Those are the people who are walking through church doors on a Sunday morning.
If Christians think its scary going canvassing, it is even more scary for an unchurched person to come to church on a Sunday morning when they don’t know anybody. They are making a huge personal investment. They are taking an enormous risk. They are giving your church a “free 30-day trial” to test your product and service. They are savvy shoppers who typically look for any excuse to lose their trust.
We gain an audience by being welcoming and transparent. We keep an audience by telling our story.
Life-long Christians baptized as infants have wonderful stories to tell.
The greatest stories are not necessarily how an unbeliever receives faith, but how a seasoned believer remains in the faith.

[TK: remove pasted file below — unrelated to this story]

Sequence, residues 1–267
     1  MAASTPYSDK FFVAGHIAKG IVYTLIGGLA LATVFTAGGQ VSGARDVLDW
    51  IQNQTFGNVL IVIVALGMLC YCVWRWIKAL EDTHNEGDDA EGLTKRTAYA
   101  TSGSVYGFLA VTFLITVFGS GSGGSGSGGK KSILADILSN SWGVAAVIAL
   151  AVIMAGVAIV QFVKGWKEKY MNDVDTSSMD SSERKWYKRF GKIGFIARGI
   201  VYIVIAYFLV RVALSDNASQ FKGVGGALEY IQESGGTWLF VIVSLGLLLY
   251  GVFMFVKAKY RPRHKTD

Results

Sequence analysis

People watch and observe. They are willing to hear how you weather the storms of life, keep temptations at bay, and exhibit peace, hope, and love when the world seems dark.
Despite what believers perceive on the outside, people are willing to hear reasons for the hope that believers have in Christ.
Rooted in Christ, our stories center on Christ and trusting his promises. Believers don’t have to paint a rosy picture of themselves to make Christ attractive, nor present ourselves as wise and eloquent, but point to the source of our Trust lest we rob the message of its power.
Businesses grow by word-of-mouth. Churches gain an audience by developing a powerful Word-of-mouth network. Reputations are built and stories are told. And people remember stories and faces far more than they remember facts.
Personal evangelism is a crazy idea.
Jesus told the disciples “Come follow me and I will make you fishers of men.” This charge is given to all who believe in him and reiterated in the Great Commission. To be fishers of men means you don’t wait for people to jump into your boat, but you go out into the dark, murky water of sin and put nets into the water.